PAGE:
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Saturday, 3 October 2009

MEN ... Increase Your Sex Drive


Low libido in men
Increase Sex Drive The second most common sexual dysfunction in men after premature ejaculation is low libido, according to a recent issue of the Journal of the American Medical Association. And a loss of "mojo," as film character Austin Powers would put it, is also very difficult for men to discuss, despite the help available from health professionals.

What defines a low libido for an individual is subjective and depends upon many variables but definitely involves a loss of sex drive, states Richard Kogan, M.D., a psychiatrist in private practice who specializes in the treatment of sexual dysfunction in New York City. Physical and mental health are key factors, and although many men are happy exceptions to the trend, sex drive generally decreases with age.

The difference between impotence and low libido
"Impotence and loss of libido are two very separate things," says Richard Milsten, M.D., a New Jersey-based urologist and coauthor of "The Sexual Male" (W.W. Norton and Company). "However, men who experience impotence commonly experience a decrease in libido over time," he adds. When libido drops and impotence is not a problem, there are numerous factors a doctor might suspect as the cause. Something must be done to increase sex drive When you're sick, libido suffers
Any medical problem or chronic physical condition can cause a reduction in one's sex drive. If a man is diagnosed with cancer, sex may be the furthest thing from his mind for a time. But even minor illnesses can diminish a man's sexual interest. Conversely, when men improve their health -- through exercise, a low-fat diet or, if necessary, medical treatment -- their libido is likely to increase.

Physical problems
While any illness can decrease sex drive, some conditions, such as thyroid disease, tumors of the pituitary gland (which controls most hormone production, including sex hormones) and depression, are directly linked to low libido, according to Milsten.

Insufficient testosterone
Similarly, insufficient amounts of the male sex hormone testosterone may cause low libido, though such a condition is unlikely to affect erectile function. Seth advises men who feel their physical condition has decreased their sex drive to consult a physician, keeping in mind that loss of libido is sometimes the only recognizable symptom of a medical problem.

The sexual side effects of drugs
Drugs can also decrease libido. Many, though not all, prescription antidepressants can diminish sex drive. Sometimes, just taking these drugs can be a turn off to men. Other medications with this side effect include tranquilizers and antihypertensive medications. Illicit substances, such as heroin, cocaine and marijuana, when used heavily and chronically, may lower libido, according to Milsten. He suggests that if a prescription medicine has hampered a man's sex drive to a distressful degree, he should ask his doctor about the possibility of swapping the medication with a similar one that doesn't cause sexual side effects.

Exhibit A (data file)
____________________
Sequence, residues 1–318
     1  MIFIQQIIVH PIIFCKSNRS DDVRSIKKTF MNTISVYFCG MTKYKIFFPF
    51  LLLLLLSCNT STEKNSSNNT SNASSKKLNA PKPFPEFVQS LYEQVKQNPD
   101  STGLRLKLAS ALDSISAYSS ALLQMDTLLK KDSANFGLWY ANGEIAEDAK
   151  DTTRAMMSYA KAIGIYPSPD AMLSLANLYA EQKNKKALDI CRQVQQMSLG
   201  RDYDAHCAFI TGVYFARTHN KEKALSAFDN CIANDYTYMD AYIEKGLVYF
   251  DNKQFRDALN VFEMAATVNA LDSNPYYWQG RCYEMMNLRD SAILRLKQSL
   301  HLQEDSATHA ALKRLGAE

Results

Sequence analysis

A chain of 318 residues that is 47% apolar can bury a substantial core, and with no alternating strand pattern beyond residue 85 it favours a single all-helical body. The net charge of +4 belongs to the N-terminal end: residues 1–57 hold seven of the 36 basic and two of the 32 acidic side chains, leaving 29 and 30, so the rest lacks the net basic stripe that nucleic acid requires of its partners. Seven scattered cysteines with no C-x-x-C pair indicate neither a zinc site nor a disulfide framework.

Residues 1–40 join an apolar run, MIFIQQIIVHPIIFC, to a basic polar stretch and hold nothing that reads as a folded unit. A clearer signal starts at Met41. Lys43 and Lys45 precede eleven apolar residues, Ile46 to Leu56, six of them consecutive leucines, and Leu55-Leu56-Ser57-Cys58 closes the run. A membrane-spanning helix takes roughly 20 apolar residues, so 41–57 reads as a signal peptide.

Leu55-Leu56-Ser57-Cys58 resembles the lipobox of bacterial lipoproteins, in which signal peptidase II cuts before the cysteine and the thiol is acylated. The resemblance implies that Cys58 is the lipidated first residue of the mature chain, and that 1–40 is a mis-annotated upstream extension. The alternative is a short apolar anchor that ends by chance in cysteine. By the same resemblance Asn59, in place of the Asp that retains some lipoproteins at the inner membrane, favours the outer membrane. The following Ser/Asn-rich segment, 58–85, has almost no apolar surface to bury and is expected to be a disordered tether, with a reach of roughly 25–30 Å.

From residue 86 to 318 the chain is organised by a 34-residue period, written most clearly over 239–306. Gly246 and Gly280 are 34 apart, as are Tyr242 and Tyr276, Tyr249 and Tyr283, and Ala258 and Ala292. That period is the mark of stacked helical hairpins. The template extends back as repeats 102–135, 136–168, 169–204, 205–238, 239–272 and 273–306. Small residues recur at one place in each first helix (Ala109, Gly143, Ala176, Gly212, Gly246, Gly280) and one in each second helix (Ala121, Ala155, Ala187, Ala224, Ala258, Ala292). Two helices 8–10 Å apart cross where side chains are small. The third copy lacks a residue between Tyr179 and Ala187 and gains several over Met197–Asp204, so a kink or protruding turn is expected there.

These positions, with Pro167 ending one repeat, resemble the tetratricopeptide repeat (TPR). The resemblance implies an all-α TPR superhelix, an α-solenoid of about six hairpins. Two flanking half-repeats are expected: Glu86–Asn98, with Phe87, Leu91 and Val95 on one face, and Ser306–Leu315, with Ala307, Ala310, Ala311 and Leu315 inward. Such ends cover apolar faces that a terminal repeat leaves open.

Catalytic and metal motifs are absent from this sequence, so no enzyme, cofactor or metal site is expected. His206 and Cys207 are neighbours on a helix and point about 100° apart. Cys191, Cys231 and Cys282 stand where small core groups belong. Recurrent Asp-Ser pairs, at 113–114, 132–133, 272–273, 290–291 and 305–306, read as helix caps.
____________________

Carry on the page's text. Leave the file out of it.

Stress can sabotage sex drive
Imagine this scenario:
You and your dream lover are naked in bed together. Then, all of a sudden, a stranger barges into the room with a gun. You've just lost all interest in sex, and now the only plan you have for your privates is keeping them out of harm's way. In short, you've reprioritized your activities as a survival instinct. This is an extreme example, but any kind of stress -- whether related to work, relationships or any other area of life -- that preoccupies someone is going to diminish that person's sex drive. In order to have a healthy libido, one has to be engaged in the moment -- not angry or hurt. For example, says Milsten, "If you're having shouting matches with your partner," your libido is nearly certain to take a nosedive. Fortunately, if you work on your differences and good feelings are restored, you are likely to increase sex drive as it will return to baseline levels.

Seek professional help if necessary
Some problems, however, such as depression or anxiety, intense job stress, family worries, serious marital conflicts, experiences of past abuse or conflicts about sexual orientation may require professional assistance. It is essential to seek such help if negative feelings interfere with the rest of life, if they are overwhelming, or if you are no longer able to experience pleasure.

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